- The RCCE global strategy has been completed, and is a ‘live’ document that will be revised and enhanced following the Strategic Preparedness Response Planrevision and Global Humanitarian Response Plan.
- Strengthened coordination of partners with a focus on needs of migrants and vulnerable populations, community engagement in remote populations and addressing reports of stigma and xenophobia.
- Work is ongoing to a launch public information hub for COVID-19 on GOARN Knowledge Platform to share RCCE resources from partners and other stakeholders,and enable access to RCCE information.
- A rapid consultation on social, cultural, behavioral perspectives in the COVID-19 response was undertaken. Briefs were completed on information, misinformation, disinformation and on compliance with physical distancing measures for COVID-19 and implications for RCCE in Eastern and Southern Africa (April 2020). A GOARN RCCE Data Collection Tools Repository was developed for rapid access to tools for COVID-19 RCCE data collection. Africa and Asia RCCE coordination groups are triangulating community insights with the intent to inform RCCE priorities and strategies within these regions.
- A joint “live” guidance has been developed on “Community Engagement and COVID-19 Movement Restrictions: Tips for Engaging People in Low-Resource Settings Remotely and In-Person.”
- Guidance and webinars on engagement with faith-based organizations and religious leaders are underway this week ahead of Ramadan. A community action guide with tips for individuals and communities to take simple actions to support and protect people around them during the epidemic is available here.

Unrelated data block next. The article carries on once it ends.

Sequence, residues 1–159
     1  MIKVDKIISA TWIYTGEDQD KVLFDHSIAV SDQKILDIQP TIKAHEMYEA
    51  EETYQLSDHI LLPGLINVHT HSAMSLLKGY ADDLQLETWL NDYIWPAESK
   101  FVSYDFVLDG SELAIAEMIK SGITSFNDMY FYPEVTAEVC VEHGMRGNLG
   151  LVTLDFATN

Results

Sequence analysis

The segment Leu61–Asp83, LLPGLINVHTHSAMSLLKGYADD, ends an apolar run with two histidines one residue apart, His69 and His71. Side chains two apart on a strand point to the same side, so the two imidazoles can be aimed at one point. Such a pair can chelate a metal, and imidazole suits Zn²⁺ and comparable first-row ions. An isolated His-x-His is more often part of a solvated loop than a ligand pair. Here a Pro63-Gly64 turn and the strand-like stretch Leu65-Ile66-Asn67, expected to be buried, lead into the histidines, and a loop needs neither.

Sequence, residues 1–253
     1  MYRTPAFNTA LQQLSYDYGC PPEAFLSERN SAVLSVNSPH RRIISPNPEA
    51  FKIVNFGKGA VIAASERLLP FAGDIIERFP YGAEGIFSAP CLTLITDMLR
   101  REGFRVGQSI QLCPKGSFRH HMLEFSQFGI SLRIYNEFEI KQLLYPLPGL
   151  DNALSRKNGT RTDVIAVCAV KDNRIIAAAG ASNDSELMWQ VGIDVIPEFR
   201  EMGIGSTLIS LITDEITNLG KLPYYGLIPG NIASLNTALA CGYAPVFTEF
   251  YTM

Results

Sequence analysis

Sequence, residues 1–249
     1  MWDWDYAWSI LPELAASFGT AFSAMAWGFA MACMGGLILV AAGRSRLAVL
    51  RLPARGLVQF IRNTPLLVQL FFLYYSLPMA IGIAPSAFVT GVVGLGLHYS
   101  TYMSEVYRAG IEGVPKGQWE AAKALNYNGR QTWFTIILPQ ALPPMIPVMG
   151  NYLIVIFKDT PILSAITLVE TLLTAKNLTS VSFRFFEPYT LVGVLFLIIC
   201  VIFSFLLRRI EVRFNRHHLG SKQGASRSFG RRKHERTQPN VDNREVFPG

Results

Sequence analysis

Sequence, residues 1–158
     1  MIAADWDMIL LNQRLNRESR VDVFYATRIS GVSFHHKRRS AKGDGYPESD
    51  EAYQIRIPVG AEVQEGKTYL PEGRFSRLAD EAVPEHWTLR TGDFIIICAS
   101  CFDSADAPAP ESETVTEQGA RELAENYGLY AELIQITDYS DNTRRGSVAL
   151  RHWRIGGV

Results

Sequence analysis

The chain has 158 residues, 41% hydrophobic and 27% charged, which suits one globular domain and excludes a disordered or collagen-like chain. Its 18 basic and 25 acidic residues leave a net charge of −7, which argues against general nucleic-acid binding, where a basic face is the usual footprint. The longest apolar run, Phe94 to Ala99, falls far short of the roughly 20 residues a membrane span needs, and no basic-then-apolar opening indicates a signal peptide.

Countries, territories or areas with reported laboratory-confirmed COVID-19 cases and deaths, April 20, 2020
|United States of America||723605|
|Republic of Korea||10674|
|United Arab Emirates||6781|
|Republic of Moldova||2472|
|Bosnia and Herzegovina||1286|
|International (Diamond Princess Cruise Ship)||712|
|Democratic Republic of the Congo||332|
|Isle of Man||297|
|United Republic of Tanzania||171|
|Trinidad and Tobago||114|
|United States Virgin Islands||53|
|Syrian Arab Republic||39|
|Antigua and Barbuda||23|
|Lao People’s Democratic Republic||19|
|Northern Mariana Islands||14|
|Saint Kitts and Nevis||14|
|Central African Republic||12|
|Saint Vincent and the Grenadines||12|
|Falkland Islands (Malvinas)||11|
|Turks and Caicos||11|
|Papua New Guinea||7|
|Bonaire, Sint Eustatius and Saba||5|
|British Virgin Islands||4|
|São Tomé and Príncipe||4|
|Saint Pierre and Miquelon||1|
Recommendations and Advice for the Public
If you are not in an area where COVID-19 is spreading or have not traveled from an area where COVID-19 is spreading or have not been in contact with an infected patient, your risk of infection is low. It is understandable that you may feel anxious about the outbreak. Get the facts from reliable sources to help you accurately determine your risks so that you can take reasonable precautions (see Frequently Asked Questions). Seek guidance from WHO, your healthcare provider, your national public health authority or your employer for accurate information on COVID-19 and whether COVID-19 is circulating where you live. It is important to be informed of the situation and take appropriate measures to protect yourself and your family (see Protection measures for everyone).
If you are in an area where there are cases of COVID-19 you need to take the risk of infection seriously. Follow the advice of WHO and guidance issued by national and local health authorities. For most people, COVID-19 infection will cause mild illness however, it can make some people very ill and, in some people, it can be fatal. Older people, and those with pre-existing medical conditions (such as cardiovascular disease, chronic respiratory disease or diabetes) are at risk for severe disease (See Protection measures for persons who are in or have recently visited (past 14 days) areas where COVID-19 is spreading).